The S.M.A.R.T. Email Credo – The T

Chapter5_1What Does the T Stand For?
The T in S.M.A.R.T. stands for Time Usage. People are overwhelmed by the amount of e-mail they must handle each day. There are a number of reasons for this, including

  • the global and ubiquitous availability of e-mail,
  • the ability to communicate asynchronously, and
  • the use of e-mail to replace other forms of communication, namely, telephone calls and face-to-face meetings.

Our use of and reliance on e-mail is largely positive. We accomplish much more now than even a few years ago because we can communicate with others on our schedule and they on theirs. However, some of our e-mail habits are big time wasters from a recipient’s standpoint. Some of these habits have been covered earlier in this Credo, some merit repeating, and some of the suggestions below are new. The objective here is to ask e-mail senders to consider—be mindful of—the recipient’s time.

Here’s a simple question to ask: Is the e-mail I’m sending a good use of the recipient’s time? Remember, they are like you. They get too many e-mails a day, just like you do. They are pushed for time and need to get a lot of things done, just like you do.

Tips for Improving Time Usage
The following is a best-practices checklist of e-mail habits that help minimize wasted recipient time:

  1. Limited Use of Reply All. As mentioned earlier in the Credo, we use Reply All out of habit. And it’s a bad habit. Consider making Reply All the exception, not the rule. Doing so will easily reduce e-mail volume by 10 to 20 percent a day. That equates to some 20 fewer e-mails every day—100 a week—that nobody has to spend time handling!
  2. No Gratuitous Internal E-mail. Gratuitous e-mails are those with short statements such as “Thanks” or “Will do” or “Okay.” They’re unnecessary when sent internally, especially if everyone agrees in advance to stop sending them. Although we often say these things in conversation, we’d never use memos or letters for such responses. This is a perfect example of how e-mail is more of a written medium than a spoken one—and why it needs to be treated as such.
  3. Terminate Endless E-mail Threads. At some point, an e-mail conversation becomes ridiculously inefficient. Specifically, after three replies to each other, it’s time to schedule a live conversation—a phone call or a face-to-face meeting. Consider this: We can type about 40 words a minute, but we can speak about 150 words per minute. The math is pretty convincing. When what’s being communicated is more complex, measured by the number of replies it takes to communicate the message, schedule a live conversation.
  4. Identify Significant Information in Forwarded E-mail. Forwarding e-mail is a great way to pass along valuable information. However, if the sender identifies up front what’s significant about the forwarded e-mail, instead of saying only “FYI” at the beginning, the recipient is directed to the reason the e-mail was forwarded. This reduces the time a recipient spends trying to figure out what’s important.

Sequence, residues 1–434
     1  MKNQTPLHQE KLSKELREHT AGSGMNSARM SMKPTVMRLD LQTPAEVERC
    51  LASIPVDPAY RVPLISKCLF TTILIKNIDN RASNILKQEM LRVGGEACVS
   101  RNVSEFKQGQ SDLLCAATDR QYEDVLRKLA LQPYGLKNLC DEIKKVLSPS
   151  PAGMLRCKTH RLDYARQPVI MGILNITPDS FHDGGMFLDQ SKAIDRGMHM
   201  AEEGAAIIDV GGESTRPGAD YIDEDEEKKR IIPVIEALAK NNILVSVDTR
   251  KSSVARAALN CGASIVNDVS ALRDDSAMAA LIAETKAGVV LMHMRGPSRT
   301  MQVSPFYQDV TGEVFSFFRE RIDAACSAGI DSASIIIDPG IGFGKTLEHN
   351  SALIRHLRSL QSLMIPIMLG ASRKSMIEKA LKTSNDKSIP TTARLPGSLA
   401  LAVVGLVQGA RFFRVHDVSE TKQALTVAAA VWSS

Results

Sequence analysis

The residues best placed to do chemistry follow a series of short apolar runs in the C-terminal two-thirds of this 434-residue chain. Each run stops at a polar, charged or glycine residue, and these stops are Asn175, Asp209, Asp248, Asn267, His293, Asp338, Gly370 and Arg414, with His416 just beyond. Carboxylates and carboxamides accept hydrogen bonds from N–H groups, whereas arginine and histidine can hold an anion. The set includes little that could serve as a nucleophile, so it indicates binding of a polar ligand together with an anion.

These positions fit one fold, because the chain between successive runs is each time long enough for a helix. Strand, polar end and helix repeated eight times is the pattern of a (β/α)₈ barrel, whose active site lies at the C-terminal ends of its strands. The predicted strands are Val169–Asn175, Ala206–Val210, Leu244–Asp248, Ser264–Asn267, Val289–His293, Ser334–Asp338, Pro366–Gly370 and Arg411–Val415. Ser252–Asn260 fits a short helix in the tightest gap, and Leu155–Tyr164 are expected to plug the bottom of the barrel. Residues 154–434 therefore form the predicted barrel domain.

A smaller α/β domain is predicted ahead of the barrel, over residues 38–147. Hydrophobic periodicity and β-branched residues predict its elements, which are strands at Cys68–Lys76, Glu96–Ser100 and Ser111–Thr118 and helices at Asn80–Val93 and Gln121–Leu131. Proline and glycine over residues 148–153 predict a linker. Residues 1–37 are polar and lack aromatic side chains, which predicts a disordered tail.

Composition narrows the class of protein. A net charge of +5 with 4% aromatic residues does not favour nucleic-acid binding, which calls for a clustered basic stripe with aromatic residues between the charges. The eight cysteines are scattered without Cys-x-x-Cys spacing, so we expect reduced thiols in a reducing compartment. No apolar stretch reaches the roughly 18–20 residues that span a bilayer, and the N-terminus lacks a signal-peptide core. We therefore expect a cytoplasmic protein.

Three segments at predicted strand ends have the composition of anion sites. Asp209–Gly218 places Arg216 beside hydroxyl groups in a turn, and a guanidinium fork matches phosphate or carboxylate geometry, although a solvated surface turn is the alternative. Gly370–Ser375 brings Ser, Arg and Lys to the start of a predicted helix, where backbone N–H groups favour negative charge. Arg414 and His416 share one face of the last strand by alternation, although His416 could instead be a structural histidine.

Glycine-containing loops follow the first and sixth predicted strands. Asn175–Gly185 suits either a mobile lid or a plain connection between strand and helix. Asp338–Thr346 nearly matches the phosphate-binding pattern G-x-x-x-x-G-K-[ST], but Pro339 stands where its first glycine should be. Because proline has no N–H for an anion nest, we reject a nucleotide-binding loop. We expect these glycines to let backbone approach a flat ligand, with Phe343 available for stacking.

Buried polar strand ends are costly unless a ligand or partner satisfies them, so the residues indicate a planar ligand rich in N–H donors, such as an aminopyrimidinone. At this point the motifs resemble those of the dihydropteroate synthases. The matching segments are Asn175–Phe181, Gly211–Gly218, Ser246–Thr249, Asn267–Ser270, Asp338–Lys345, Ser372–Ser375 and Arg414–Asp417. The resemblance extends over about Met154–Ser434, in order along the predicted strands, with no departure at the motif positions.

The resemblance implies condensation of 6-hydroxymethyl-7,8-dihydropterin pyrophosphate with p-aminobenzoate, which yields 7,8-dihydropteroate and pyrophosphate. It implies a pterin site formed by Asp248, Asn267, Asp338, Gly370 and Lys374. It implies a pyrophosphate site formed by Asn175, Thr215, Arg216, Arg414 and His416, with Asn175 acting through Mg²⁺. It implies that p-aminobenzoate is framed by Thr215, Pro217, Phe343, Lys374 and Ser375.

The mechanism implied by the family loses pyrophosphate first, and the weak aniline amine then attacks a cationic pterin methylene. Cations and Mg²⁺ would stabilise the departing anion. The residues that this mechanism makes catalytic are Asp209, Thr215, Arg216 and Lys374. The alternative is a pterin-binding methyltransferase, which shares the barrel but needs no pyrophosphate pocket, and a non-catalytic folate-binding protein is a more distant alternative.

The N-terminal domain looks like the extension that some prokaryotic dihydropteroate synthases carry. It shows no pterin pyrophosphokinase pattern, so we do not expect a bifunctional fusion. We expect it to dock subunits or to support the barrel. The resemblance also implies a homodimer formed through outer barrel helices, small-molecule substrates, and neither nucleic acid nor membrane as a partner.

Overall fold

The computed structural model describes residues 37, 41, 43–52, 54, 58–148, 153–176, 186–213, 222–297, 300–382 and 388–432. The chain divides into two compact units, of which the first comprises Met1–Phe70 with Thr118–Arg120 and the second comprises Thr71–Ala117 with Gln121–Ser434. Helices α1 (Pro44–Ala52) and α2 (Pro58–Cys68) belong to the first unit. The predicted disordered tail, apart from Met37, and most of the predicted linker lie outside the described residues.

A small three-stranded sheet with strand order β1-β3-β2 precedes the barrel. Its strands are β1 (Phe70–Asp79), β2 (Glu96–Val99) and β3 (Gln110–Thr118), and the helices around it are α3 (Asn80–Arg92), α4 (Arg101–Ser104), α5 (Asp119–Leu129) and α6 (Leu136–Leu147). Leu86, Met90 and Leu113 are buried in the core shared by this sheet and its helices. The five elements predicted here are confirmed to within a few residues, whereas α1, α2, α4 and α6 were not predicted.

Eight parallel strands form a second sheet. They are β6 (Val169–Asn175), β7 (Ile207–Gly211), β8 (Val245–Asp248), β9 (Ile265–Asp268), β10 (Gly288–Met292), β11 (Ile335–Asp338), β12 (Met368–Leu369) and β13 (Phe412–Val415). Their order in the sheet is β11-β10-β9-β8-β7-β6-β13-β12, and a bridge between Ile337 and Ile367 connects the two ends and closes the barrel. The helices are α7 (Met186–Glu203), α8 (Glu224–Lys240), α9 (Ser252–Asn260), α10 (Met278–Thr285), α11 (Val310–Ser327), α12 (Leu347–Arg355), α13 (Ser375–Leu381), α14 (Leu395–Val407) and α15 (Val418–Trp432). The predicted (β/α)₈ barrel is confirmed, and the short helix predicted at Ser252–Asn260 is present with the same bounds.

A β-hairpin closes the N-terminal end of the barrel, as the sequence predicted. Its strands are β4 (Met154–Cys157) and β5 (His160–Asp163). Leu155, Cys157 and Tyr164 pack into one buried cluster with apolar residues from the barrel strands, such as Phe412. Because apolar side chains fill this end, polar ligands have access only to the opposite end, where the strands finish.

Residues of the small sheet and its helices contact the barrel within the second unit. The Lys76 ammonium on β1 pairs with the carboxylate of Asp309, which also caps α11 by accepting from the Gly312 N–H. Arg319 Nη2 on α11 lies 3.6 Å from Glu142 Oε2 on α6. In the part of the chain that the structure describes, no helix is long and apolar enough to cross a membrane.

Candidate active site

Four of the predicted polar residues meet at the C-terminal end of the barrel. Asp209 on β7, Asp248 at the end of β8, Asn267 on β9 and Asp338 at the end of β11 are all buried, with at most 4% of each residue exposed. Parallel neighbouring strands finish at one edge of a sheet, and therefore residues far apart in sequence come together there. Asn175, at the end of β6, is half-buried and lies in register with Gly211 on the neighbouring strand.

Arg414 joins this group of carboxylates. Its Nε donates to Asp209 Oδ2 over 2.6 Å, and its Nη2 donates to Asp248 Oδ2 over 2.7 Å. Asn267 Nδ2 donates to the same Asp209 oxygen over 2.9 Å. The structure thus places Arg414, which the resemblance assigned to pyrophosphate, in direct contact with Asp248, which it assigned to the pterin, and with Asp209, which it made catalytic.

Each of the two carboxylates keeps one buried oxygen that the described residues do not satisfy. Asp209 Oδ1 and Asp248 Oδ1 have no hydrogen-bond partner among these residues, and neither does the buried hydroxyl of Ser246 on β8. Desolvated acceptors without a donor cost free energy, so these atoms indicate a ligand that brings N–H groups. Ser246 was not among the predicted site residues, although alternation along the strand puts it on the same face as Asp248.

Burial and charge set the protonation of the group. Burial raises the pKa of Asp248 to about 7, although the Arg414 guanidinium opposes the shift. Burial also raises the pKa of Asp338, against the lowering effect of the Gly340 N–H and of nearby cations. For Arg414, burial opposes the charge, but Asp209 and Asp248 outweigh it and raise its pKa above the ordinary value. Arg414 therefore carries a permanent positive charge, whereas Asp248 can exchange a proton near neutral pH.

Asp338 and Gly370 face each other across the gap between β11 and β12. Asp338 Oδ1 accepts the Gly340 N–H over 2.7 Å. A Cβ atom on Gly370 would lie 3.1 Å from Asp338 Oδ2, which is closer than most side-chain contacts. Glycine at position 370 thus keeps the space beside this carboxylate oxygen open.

5. Thinking Out Loud in E-mail. Never think “out loud” in e-mail. Do your reasoning before writing the message. The recipient can’t easily tell whether the information they’re reading is significant, correct, actionable, and so on. They have to assume it was meant to be there. This is particularly important for managers and executives—never think out loud in e-mail. Subordinates are forced to take these e-mails as directives, which causes them to defocus on the meaningful work already on their plates.

There are lots of best practices that can be added to the list above. Adopt any you find on your own or observe others using. Everything you do to shave the amount of time a recipient spends on e-mail adds that time to their productive efforts elsewhere. And since we are they, we all benefit from focusing on e-mail time usage.

By focusing on the amount of time recipients spend handling e-mail and reducing it, everyone is more focused and productive.

What Can I Do?

  • You can be part of the solution.
  • You can adopt one or more of the suggestions above.
  • You can promote these suggestions to others on your team and in your organization.

What’s Next?
Nothing. We’ve come to the end. The most important things you can do are listed above. Being part of the solution—by adopting and advocating some or all of the Credo’s suggestions—is all anyone can do.

The Rest of the S.M.A.R.T. Email Credo?
One subscriber made a brilliant recommendation last month: Include links to the rest of the S.M.A.R.T. Email Credo posts so readers could review them. Here they are:

The stands for Subject Line
The M stands for Message Formatting
The A stands for Addressing
The R stands for Recipient Focused

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